(Bloomberg Government) -- Kansas could have a record-setting primary election turnout Tuesday as voters decide the first abortion-focused ballot measure since the US Supreme Court overturned its Roe vs. Wade decision.
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A proposed amendment would add to the state constitution a declaration that there’s no right to abortion—a step that would free the Republican-controlled state Legislature to pass restrictions or an outright ban.
Across the state, Election Day brought temperatures forecast to hit the 90s and complaints about last-minute misdeeds.
At a polling place inside a church, Kansans for Life voter guides were left on the reception desk, the Wichita Eagle reported. The night before, a text-messaging service suspended the sender of anonymous texts claiming that a “yes” vote would “give women a choice”, the Kansas City Star reported. The way the proposed amendment is worded, a “yes” vote actually would oppose abortion rights.
Early voting was robust. As of Monday, 271,438 ballots had been cast. That’s far more than the last midterm primary in 2018, when advance mail-in and in-person ballots totaled 89,449, according to the Kansas Secretary of State’s office.
Unaffiliated voters—who’d generally have little reason to pay attention to a primary—delivered more than 40,000 of the early votes. Republicans cast 122,677; Democrats, 106,800; and Libertarians, 1,457, according to the state’s data.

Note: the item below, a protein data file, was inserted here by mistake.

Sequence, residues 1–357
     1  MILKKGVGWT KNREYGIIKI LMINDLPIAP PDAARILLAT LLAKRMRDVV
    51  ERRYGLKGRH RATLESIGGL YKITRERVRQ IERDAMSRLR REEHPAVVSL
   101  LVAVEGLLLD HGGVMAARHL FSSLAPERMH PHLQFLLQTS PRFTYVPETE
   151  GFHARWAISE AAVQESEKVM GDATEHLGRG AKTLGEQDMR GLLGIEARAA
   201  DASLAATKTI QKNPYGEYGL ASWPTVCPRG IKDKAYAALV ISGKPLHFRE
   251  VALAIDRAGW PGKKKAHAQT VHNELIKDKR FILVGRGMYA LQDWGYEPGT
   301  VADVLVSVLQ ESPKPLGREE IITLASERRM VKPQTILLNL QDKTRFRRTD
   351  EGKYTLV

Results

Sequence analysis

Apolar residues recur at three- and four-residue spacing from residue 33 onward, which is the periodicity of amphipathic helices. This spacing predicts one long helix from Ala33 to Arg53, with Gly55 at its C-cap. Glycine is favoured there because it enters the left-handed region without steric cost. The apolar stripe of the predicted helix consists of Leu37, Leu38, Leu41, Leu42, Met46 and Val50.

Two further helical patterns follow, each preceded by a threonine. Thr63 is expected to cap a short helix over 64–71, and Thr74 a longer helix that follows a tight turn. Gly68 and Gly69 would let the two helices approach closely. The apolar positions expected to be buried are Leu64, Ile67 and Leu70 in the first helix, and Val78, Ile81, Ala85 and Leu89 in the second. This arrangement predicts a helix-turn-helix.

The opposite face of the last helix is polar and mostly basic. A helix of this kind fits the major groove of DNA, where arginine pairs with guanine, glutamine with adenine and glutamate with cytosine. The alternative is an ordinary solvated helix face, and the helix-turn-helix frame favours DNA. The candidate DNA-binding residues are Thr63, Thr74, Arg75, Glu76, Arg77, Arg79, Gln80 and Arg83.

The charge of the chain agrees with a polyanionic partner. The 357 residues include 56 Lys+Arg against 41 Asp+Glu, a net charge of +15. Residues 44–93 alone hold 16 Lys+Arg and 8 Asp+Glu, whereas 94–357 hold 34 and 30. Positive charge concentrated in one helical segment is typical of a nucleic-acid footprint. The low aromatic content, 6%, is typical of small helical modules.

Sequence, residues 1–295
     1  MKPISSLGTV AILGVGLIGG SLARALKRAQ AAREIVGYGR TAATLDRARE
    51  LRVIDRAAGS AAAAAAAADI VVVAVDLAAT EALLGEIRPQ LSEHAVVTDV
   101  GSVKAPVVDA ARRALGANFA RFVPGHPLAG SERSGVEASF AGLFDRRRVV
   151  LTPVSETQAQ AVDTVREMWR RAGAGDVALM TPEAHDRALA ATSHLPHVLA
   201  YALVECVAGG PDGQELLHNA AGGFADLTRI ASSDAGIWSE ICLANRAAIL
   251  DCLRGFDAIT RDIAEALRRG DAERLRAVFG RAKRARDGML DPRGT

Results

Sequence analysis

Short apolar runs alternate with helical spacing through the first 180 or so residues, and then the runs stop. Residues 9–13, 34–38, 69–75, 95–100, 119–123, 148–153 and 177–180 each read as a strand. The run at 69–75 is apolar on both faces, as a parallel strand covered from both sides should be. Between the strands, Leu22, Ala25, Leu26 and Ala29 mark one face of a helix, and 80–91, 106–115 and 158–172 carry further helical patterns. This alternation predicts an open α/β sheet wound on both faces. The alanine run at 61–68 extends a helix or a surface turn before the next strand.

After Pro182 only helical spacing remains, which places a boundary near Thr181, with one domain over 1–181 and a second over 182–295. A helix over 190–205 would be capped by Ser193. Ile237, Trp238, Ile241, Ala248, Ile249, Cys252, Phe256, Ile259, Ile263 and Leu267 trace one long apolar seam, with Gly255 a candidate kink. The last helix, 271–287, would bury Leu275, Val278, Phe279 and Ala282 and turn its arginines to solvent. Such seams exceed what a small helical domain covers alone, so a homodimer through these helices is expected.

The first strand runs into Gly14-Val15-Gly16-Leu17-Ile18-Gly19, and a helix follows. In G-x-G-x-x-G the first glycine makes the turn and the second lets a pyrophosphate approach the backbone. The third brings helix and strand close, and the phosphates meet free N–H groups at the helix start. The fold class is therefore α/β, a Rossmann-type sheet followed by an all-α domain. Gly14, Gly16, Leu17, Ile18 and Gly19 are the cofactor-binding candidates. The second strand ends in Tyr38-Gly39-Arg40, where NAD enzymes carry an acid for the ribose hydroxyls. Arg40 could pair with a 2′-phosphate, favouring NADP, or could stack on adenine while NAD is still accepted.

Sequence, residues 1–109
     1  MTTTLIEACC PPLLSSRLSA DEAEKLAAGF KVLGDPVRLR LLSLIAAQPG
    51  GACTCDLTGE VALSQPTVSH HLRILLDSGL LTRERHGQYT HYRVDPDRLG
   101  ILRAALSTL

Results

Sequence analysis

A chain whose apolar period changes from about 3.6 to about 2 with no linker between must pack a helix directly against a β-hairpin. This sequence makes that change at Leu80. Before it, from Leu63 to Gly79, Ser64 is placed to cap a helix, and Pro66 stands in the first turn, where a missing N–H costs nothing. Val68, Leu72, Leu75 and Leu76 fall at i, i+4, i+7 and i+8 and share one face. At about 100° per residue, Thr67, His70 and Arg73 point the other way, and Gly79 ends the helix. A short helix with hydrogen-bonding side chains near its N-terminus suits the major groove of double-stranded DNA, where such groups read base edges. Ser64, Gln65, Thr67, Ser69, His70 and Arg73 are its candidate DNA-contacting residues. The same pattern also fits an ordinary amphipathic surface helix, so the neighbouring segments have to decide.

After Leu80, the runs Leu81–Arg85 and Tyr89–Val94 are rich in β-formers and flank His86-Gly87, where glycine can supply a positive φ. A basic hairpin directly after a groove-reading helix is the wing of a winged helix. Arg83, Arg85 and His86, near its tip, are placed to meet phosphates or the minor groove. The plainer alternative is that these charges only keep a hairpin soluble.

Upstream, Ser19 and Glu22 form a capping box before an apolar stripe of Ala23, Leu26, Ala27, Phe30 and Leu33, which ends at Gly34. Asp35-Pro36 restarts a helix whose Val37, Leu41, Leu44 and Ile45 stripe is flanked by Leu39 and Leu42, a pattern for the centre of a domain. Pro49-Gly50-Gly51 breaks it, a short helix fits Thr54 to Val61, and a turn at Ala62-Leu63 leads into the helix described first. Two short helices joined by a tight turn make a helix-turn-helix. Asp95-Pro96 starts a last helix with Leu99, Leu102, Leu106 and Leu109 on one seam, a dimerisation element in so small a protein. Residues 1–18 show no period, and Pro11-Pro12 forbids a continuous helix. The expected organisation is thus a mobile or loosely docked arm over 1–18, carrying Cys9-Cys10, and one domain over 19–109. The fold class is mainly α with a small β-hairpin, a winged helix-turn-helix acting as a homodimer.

“I would certainly believe that the amendment is driving up turnout,” University of Kansas Professor Patrick Miller said in an email.
Some of the GOP turnout could be because of heightened interest in the races for the Republican nominations for attorney general and secretary of state, Miller said.
One of those contenders, Kris Kobach, is campaigning on a promise to create a new division within the attorney general’s office specifically for suing President Joe Biden. See also: First Post-Dobbs Vote Tests Kansas Abortion Foes’ Strategy A “yes” vote on the proposed amendment would overrule a 2019 Kansas Supreme Court decision that found the state Constitution grants abortion rights.
That, in turn, would open the door for Kansas to change laws that currently permit abortions through the first 22 weeks of pregnancy.
The Kansas ballot measure will show the degree to which an abortion rights campaign can get centrists to care, said Ashley All, spokeswoman for Kansans for Constitutional Freedom.
“We have to have good turnout to stop it,” she said. “At the end of the day, it’s about convincing people to vote, and a lot of these unaffiliated folks are pretty motivated.”
The early turnout surge followed months of rallies, door-knocking, and advertising campaigns. Combined, the organizations trying to sway votes for and against the amendment spent nearly $13 million on TV commercials, according to data compiled by AdImpact.
Abortion rights and anti-abortion activists will watch the results closely as they prepare for ballot measures this fall in at least four other states.
The anti-abortion Value Them Both Coalition didn’t respond to requests for comment.
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(Updates with reported text-message and literature incidents in the fourth paragraph.)
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